Finger bone points to early humans in Arabian Peninsula
An 88,000-year-old fossil finger bone unearthed in Saudi Arabia's Nefud Desert is pointing to what scientists say is a new understanding of how our species came out of Africa en route to colonising the world.
Researchers said on Monday that the middle bone of an adult's middle finger found at a site called Al-Wusta is the oldest Homo sapiens fossil outside of Africa and the immediately adjacent eastern Mediterranean Levant region. It is also the first ancient human fossil from the Arabian Peninsula.
The research, published in the journal Nature Ecology and Evolution, challenged a long-held consensus that humans started to move en masse from Africa only about 60,000 years ago, with a few small, unsuccessful migrations before.
While the Nefud Desert is now a veritable sea of sand, it was hospitable when this individual lived - a grasslands teeming with wildlife alongside a freshwater lake.
Our species first appeared in Africa roughly 300,000 years ago, research shows.
"This supports a model not of a single rapid dispersal out of Africa 60,000 years ago, but a much more complicated scenario of migration," said anthropologist Michael Petraglia of the Max Planck Institute for the Science of Human History in Germany.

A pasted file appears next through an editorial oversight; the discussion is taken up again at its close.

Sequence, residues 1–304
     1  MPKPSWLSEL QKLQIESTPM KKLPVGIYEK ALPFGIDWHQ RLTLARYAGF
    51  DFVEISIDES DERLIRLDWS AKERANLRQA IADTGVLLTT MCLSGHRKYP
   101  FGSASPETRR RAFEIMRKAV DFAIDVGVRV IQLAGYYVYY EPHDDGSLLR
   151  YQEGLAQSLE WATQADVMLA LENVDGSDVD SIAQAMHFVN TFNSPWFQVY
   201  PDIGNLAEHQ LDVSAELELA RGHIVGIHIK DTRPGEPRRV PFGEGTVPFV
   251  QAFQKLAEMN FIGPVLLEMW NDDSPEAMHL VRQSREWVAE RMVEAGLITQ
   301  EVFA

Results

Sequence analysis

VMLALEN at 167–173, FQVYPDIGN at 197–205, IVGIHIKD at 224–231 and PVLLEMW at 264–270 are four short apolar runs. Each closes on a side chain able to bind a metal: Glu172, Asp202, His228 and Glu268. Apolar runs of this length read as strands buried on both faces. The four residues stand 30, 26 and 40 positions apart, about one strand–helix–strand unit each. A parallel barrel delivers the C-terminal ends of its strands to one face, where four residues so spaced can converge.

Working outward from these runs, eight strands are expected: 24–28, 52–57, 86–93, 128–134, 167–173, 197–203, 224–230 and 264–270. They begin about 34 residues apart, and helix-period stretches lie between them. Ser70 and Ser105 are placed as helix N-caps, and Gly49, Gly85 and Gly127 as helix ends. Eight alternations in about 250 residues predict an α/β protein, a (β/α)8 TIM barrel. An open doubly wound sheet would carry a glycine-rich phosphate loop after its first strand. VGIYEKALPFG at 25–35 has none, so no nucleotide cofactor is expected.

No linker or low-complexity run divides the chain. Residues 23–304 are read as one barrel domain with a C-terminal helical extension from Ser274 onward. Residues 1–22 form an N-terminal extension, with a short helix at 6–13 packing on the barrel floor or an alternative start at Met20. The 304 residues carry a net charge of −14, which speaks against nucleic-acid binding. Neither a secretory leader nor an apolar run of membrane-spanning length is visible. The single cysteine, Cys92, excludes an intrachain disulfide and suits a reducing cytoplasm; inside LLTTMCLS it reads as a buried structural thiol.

"And this find, together with other finds in the last few years, suggests... Homo sapiens is moving out of Africa multiple times during many windows of opportunity during the last 100,000 years or so."
Questions remain over the fate of the early inhabitants of the Arabian Peninsula.
"We know that shortly after they lived, the rains failed and the area dried up," said Oxford archaeologist Huw Groucutt.
"Did this population die out? Did it survive further south in Arabia, where even today there are mountainous areas with quite high rainfall and coastal regions which receive monsoonal rains? Or did the drying environment mean that some of these people were 'pushed' further into Eurasia, as part of a worldwide colonisation?"